Oct 29, 2019
Virginia Film Festival

The 2019 Virginia Film Festival wrapped this weekend, as festival-goers enjoyed more than 150 films and a robust selection of post-screening discussions, panels and other events.

The festival – a program of the University of Virginia and its Office of the Provost and Vice Provost for the Arts – kicked off Wednesday with early Oscar contender “Just Mercy” and concluded Sunday with the closing night film, “Two Popes,” starring Anthony Hopkins and Jonathan Pryce as Pope Benedict and Pope Francis.

The featured guests included award-winning actor, writer and director Ethan Hawke, Emmy Award-winning actor Ann Dowd, filmmaker Wanuri Kahiu, bestselling author John Grisham, actor Dennis Christopher and many more.

Take a look at just a few of the highlights.

Photos: Curtain Call for Another Successful Virginia Film Festival

The festival kicked off early Wednesday as more than 500 local high school and middle school students filed into The Paramount Theater for a special screening of the HBO documentary “True Justice: Bryan Stevenson’s Fight for Equality.” The documentary tracks lawyer and Equal Justice Initiative founder Bryan Stevenson’s work helping those forgotten or wrongfully condemned by the justice system.

Later that night, hundreds more gathered for “Just Mercy,” a feature film about Stevenson’s work that is already garnering Oscar buzz.

Photo by Tom DalyPhoto by Tom Daly

Film festival director and UVA Vice Provost for the Arts Jody Kielbasa welcomed the students Wednesday afternoon. Kielbasa, speaking again later Wednesday, called this year’s lineup, including more than 150 films, “the very best in cinema from this year’s festival circuit.”

Photo by Eze AmosPhoto by Eze Amos

UVA President Jim Ryan introduced “Just Mercy,” which stars Michael B. Jordan as Stevenson and Jamie Foxx as Walter McMillian, a Monroeville, Alabama, man wrongfully condemned to death row. Ryan – who graduated from UVA’s School of Law and served on its faculty for 15 years – called Stevenson one of his heroes.

Photo by John RobinsonPhoto by John Robinson

Big crowds were on hand all weekend, and there was plenty of opportunity for smaller discussion groups as well, as filmmakers sat down with panelists and UVA faculty members to share the inspiration behind their work.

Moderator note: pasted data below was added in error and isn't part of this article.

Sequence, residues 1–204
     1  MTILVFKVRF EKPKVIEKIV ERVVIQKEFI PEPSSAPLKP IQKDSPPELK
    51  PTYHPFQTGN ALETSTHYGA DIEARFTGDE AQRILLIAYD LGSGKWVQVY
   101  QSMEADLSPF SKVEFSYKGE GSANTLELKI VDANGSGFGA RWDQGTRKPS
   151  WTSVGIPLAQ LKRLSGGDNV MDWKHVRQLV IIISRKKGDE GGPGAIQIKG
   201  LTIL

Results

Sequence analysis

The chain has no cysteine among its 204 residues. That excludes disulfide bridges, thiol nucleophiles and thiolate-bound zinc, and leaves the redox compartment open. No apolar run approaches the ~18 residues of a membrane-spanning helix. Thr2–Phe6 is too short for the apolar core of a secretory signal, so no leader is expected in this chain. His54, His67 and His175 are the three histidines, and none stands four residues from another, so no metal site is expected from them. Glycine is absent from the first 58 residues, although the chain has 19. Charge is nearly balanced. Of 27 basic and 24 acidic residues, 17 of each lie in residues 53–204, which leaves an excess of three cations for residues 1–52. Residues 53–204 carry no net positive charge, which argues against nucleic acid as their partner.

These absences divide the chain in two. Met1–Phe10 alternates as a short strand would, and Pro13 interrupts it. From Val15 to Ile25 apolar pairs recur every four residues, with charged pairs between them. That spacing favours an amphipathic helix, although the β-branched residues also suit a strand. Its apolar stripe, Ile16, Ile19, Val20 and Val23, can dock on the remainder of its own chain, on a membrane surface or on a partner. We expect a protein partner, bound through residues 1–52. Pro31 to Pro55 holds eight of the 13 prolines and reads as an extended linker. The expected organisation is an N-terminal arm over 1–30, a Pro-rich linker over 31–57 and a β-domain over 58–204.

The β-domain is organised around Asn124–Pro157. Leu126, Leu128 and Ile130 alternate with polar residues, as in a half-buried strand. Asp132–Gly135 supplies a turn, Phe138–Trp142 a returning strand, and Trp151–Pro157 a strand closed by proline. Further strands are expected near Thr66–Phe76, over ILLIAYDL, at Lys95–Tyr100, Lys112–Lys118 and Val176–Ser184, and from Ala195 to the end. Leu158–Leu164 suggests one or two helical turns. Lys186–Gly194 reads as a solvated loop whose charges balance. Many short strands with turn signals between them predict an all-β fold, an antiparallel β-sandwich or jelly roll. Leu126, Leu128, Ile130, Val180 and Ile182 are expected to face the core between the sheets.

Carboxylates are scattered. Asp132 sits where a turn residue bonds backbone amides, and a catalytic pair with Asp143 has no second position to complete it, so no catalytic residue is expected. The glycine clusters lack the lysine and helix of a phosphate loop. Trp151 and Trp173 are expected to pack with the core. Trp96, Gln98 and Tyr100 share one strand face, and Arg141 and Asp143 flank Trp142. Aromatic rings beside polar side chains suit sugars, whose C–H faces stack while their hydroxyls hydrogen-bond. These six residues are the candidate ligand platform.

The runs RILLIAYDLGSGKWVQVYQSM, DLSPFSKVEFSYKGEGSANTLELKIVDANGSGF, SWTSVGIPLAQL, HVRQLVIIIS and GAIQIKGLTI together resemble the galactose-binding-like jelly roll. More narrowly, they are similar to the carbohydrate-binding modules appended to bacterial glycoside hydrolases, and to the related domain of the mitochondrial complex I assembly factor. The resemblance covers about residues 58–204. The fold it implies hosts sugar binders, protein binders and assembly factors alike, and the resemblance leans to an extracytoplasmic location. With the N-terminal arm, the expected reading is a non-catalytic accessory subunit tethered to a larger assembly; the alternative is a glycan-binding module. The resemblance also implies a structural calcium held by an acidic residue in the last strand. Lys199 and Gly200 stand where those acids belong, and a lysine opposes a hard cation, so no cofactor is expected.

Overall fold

Photo by John RobinsonPhoto by John Robinson

Guest artists included Wanuri Kahiu, shown here at left, an award-winning filmmaker who flew in from Kenya to present her film, “Rafiki,” on Saturday. Kahiu is a leader in the “Afrobubblegum movement,” a genre expanding on-screen depictions of Africa and opposing stereotypes of the continent.

Photo by Jack LooneyPhoto by Jack Looney

Ethan Hawke took the stage Saturday at The Paramount Theater for a conversation about his career following a screening of “Before the Devil Knows You’re Dead,” joined by Elizabeth Flock of “PBS NewsHour.”

Photo by Jack LooneyPhoto by Jack Looney

Hawke also joined UVA students for a smaller Q&A session. The Virginia Film Festival’s Festival Scholars Program, now in its second year, offers a six-day immersive experience for students, including meetings with guest artists like Hawke.

Photo by Jack LooneyPhoto by Jack Looney

UVA Center for Politics Director Larry Sabato was one of many UVA faculty members who participated in post-screening discussions, appearing here with Emmy Award-winning actor Ann Dowd of “The Handmaid’s Tale.” Dowd narrated “Dismantling Democracy,” a documentary co-produced by the Center for Politics about challenges facing democracies around the world over the past two decades.

Photo by Jack LooneyPhoto by Jack Looney

Charlottesville’s Downtown Mall was bustling all weekend long, as early Halloween festivities merged with festival fun.

Photo by Tom DalyPhoto by Tom Daly

Geeta Patel, a professor in UVA’s Department of Middle Eastern and South Asian Languages and Cultures, joined director Shelly Chopra Dhar, right, after “Ek Ladki Ko Dekha toh Aisa Laga (How I Felt When I Saw That Girl).” The Hindi-language film was part of the Middle Eastern and South Asian Film series, supported by the department and the UVA Institute of the Humanities and Global Cultures.
Photo by Ashley TwiggsPhoto by Ashley Twiggs

Author John Grisham, a Central Virginia resident, was on hand as well, taking the stage after a screening of “The Client,” based on his bestselling novel. The screening marked the film’s 25th anniversary this year.

Photo by Jack LooneyPhoto by Jack Looney

Even the Rotunda got in on the action, as guests gathered at the University’s historic centerpiece Friday.

Caroline Newman
Associate Editor
Office of University Communications
Original Publication: UVA Today